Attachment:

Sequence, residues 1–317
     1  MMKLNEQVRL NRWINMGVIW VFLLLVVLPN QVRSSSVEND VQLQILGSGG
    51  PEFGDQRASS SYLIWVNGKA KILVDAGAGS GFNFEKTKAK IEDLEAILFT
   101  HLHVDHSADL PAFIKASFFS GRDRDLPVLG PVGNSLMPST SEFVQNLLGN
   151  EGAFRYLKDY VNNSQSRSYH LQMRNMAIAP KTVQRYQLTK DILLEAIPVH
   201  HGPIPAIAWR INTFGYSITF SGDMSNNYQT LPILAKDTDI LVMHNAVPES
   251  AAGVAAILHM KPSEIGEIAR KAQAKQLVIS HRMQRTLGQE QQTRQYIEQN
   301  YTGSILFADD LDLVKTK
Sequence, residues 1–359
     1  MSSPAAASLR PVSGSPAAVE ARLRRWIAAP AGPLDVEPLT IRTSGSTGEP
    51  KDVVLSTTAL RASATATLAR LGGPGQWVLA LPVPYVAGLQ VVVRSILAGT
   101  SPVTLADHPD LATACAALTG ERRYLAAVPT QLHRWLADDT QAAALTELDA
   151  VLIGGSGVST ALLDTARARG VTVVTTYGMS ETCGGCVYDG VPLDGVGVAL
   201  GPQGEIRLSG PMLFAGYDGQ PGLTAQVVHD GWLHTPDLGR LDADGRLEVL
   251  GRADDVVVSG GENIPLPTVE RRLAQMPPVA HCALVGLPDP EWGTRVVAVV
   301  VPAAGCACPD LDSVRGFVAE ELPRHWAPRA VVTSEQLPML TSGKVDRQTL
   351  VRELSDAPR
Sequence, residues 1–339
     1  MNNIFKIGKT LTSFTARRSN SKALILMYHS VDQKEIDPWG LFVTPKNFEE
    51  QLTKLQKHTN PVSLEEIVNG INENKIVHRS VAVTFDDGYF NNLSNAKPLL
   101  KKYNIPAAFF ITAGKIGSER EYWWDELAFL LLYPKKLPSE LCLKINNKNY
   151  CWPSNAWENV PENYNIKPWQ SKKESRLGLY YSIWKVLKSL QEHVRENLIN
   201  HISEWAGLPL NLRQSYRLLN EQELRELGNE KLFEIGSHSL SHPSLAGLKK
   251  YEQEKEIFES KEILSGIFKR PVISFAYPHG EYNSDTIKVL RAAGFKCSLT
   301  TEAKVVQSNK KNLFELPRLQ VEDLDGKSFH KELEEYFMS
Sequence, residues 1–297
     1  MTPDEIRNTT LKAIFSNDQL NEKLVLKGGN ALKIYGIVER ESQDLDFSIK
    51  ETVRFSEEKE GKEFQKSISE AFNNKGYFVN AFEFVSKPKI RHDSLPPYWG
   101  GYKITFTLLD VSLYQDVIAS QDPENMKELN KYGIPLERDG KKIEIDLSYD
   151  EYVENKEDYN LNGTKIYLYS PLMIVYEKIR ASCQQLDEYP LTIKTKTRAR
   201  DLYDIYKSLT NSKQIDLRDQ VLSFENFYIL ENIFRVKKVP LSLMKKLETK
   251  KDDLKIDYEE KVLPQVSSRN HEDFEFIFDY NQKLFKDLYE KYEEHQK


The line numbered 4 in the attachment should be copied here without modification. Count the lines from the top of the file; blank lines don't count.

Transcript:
   101  HLHVDHSADL PAFIKASFFS GRDRDLPVLG PVGNSLMPST SEFVQNLLGN